“My sheep hear My voice, and I know them, and they follow Me; and I give eternal life to them, and they will never perish; and no one will snatch them out of My hand. My Father, who has given them to Me, is greater than all; and no one is able to snatch them out of the Father’s hand.”
(Also see the entire chapter Psalm 139).
To those with chronic illness that betrays them on a daily basis in their physical bodies and even in their minds and emotions; I know the agony of hopelessness, I know the pain and despair of seeing no end to suffering. Some of us will get well. Some of us will receive partial healing. Some of us will see the path of suffering go on to the horizon with no end in sight. We do not always know the answers, sometimes God is gracious to show us the reasons in this life, like he did to Joseph. And for some of us the answers may not come. It is here that our faith rests that God is relentlessly intentional to us, and the promise we rest on is that everything works together for our good and his glory. Disappointment comes when that good and glory doesn’t look the way we think it will look or want it to look.
I am in a season where so much has changed for the better, yes there are still struggles with chronic symptoms including unexplainable fatigue that hits me from time to time, seasons of brain fog, the relentlessness of inflammation and autoimmune reactivity…. But I am grateful that the last couple years has brought me to a place of peace with where I am in my life and with the Lord.
I am in another season of a faith journey which is stretching me, but which I face with equal appreciation as I do struggle.
The reason being is that there is a very sweet spot that you find with the Lord and a reliance on him during times that your faith is being stretched, that you cannot experience in any other way. Right now I find myself in a beautiful place of abiding, in a place of praying without ceasing; which is less about actual prayer than it is a constant commune with the Lord and an acknowledgment of Him in every thought I think, everything I do, in every waking moment of the day where He is my director, my comforter, my shield, my guide, my peace.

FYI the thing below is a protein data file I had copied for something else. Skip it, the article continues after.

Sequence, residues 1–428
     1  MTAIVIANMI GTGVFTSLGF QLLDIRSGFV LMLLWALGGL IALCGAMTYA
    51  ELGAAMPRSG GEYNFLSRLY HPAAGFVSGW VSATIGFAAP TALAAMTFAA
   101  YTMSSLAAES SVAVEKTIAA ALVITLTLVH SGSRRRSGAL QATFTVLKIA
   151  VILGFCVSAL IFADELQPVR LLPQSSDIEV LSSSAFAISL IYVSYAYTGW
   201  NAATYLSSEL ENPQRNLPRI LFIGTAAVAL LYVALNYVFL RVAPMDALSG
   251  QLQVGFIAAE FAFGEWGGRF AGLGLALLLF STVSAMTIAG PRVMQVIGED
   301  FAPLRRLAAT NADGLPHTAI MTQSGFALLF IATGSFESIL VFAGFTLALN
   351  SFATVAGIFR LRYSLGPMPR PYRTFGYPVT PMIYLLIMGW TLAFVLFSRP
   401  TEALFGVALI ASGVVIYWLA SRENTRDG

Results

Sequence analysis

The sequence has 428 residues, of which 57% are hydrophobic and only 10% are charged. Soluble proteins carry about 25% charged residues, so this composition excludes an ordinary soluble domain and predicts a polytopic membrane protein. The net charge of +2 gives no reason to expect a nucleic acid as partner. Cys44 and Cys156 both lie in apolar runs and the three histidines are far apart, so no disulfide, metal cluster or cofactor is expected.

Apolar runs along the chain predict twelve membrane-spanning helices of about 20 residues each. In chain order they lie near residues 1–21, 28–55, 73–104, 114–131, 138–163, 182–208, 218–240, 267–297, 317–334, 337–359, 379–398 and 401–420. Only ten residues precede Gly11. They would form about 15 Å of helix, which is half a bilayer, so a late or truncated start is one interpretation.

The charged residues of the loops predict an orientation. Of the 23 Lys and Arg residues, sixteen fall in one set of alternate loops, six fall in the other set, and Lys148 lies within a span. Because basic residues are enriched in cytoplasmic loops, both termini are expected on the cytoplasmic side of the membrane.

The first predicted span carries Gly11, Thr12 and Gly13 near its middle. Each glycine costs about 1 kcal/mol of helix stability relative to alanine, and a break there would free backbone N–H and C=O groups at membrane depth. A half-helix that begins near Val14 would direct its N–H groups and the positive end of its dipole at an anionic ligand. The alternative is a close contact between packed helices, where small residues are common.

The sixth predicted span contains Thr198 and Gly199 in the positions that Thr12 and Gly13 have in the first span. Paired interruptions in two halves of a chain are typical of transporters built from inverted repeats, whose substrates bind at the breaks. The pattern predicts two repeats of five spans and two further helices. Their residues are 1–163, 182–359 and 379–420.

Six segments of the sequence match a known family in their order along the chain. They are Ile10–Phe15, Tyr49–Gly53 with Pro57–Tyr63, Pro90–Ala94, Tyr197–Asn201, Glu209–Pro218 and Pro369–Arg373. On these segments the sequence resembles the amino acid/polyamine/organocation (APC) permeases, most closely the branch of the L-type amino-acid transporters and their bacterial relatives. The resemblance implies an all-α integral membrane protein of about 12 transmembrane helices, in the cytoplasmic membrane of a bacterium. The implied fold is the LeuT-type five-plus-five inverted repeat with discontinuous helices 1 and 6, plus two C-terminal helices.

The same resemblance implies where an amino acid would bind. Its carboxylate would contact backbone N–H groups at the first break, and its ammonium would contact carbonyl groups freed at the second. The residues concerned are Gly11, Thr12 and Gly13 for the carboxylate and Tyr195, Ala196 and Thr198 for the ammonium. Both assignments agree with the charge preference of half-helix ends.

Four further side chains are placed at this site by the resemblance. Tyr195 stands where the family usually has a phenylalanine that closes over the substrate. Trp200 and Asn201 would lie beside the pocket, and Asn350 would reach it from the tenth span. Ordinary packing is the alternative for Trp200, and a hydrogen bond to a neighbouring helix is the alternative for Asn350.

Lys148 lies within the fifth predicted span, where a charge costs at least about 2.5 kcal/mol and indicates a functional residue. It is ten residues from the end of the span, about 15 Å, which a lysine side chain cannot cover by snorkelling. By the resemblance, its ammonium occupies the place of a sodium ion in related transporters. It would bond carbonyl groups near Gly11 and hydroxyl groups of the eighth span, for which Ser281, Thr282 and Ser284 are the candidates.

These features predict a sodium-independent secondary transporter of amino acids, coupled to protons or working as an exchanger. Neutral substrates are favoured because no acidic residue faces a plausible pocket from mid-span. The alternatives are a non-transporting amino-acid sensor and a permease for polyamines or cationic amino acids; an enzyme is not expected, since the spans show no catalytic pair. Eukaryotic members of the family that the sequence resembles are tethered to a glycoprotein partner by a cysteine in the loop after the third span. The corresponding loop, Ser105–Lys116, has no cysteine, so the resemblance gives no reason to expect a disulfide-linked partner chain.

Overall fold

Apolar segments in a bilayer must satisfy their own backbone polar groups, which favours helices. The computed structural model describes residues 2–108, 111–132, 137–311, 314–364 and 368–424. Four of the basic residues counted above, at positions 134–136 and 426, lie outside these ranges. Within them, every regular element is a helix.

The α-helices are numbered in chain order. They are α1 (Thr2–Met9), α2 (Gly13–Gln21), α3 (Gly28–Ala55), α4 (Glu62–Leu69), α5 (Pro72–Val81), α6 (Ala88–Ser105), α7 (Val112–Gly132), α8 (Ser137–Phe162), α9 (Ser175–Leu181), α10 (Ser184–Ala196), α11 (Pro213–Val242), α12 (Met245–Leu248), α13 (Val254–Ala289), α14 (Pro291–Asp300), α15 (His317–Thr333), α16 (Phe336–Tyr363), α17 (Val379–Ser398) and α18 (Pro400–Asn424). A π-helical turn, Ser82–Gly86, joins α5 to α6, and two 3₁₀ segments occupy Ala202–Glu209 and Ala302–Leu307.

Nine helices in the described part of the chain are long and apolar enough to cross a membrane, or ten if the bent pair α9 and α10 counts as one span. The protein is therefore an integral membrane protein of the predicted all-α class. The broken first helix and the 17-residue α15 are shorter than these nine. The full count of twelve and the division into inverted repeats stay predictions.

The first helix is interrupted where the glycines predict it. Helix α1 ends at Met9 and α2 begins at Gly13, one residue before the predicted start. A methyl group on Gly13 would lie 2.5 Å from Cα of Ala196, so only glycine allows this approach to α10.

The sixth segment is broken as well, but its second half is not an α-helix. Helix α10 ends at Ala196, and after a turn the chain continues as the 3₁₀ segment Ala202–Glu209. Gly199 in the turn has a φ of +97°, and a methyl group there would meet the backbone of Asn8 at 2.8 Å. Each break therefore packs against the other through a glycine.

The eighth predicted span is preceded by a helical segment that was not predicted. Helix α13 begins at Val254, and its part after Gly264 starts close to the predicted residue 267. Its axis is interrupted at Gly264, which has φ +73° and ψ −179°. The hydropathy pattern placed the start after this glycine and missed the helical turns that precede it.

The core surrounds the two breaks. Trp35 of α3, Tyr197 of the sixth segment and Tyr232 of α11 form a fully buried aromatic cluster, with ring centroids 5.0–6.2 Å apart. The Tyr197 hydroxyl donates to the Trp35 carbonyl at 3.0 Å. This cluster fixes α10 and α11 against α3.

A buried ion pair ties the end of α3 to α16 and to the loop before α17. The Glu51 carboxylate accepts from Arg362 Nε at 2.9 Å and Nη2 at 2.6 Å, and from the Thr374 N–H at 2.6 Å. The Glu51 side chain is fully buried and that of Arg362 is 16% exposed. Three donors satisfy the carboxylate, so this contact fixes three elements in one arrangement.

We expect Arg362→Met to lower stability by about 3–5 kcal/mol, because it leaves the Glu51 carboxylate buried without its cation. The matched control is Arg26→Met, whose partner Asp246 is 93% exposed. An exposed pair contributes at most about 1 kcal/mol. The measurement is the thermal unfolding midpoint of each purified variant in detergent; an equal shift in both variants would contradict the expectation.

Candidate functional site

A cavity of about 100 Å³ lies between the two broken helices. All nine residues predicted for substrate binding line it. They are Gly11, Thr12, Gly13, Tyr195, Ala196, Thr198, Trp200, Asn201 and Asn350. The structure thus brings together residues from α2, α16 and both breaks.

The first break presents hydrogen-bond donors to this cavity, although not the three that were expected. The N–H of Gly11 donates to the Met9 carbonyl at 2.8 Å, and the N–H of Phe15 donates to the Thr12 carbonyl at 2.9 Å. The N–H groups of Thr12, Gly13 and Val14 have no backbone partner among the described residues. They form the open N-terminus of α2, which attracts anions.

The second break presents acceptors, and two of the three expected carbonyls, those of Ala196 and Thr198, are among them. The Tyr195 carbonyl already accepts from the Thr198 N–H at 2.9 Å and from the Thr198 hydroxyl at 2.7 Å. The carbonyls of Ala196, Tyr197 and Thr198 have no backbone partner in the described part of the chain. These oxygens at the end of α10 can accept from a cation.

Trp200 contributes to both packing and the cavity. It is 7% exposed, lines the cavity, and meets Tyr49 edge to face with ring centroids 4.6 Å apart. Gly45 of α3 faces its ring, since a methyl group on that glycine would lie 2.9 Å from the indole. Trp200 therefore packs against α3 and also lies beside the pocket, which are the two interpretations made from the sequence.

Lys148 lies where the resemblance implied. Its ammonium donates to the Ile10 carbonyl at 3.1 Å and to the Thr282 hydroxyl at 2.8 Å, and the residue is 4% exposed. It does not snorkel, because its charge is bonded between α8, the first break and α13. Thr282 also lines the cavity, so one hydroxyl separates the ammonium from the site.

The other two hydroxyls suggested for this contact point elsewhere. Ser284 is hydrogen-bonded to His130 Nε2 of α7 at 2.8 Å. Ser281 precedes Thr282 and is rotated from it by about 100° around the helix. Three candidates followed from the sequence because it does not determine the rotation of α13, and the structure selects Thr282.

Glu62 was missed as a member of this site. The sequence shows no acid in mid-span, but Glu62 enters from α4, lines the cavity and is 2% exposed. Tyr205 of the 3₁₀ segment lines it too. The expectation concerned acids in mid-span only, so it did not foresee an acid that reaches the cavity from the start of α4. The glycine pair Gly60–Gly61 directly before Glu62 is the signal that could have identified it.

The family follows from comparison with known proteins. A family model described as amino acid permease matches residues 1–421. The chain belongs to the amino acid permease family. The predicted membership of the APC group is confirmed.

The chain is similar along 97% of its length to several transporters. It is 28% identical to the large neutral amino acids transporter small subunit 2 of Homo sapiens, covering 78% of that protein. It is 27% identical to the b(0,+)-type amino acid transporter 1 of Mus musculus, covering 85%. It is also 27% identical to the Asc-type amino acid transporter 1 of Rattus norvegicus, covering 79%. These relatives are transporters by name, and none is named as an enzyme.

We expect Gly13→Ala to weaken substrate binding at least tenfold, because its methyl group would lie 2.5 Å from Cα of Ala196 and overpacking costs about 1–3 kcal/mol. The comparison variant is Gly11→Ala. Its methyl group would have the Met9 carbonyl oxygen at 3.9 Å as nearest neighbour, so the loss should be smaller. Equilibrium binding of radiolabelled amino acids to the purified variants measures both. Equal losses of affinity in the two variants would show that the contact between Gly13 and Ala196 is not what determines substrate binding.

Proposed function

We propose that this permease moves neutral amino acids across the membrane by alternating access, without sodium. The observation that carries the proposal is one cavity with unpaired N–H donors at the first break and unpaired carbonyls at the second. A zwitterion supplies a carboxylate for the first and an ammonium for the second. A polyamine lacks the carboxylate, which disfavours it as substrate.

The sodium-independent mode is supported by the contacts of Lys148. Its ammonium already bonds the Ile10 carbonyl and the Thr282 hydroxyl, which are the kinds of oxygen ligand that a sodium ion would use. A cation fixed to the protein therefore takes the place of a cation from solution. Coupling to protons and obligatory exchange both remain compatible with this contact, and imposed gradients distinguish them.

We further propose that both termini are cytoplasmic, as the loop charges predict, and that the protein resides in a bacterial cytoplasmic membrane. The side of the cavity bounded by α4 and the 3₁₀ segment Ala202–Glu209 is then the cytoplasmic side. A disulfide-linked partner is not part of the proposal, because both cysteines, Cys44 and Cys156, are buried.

In the past I have given over more years than I can count to darkness and being in a place of mourning over things lost, and suffering that robbed me of so much life. I told God recently that I have spent too much of my life in a dark hallway grieving over closed doors. It is with extreme gratitude that several years back I had a friend challenge me out of that place, that I was to give my grief as an offering to the Lord and let him exchange it for a different vision, and He was faithful to do so.
So today, I have less to say about the particulars of the symptoms and sufferings of chronic Lyme disease along with its coinfection’s and complications, and less about the emotional place of agony we find ourselves in chronic illness.
Today rather I try and speak from a different place in the journey, a place further up the road, which is more a spiritual place than a physical one. There’s still so much in life that has not yet happened for me, that I have not experienced, that I have not reclaimed from the lost years of the past… and yet, God is with me.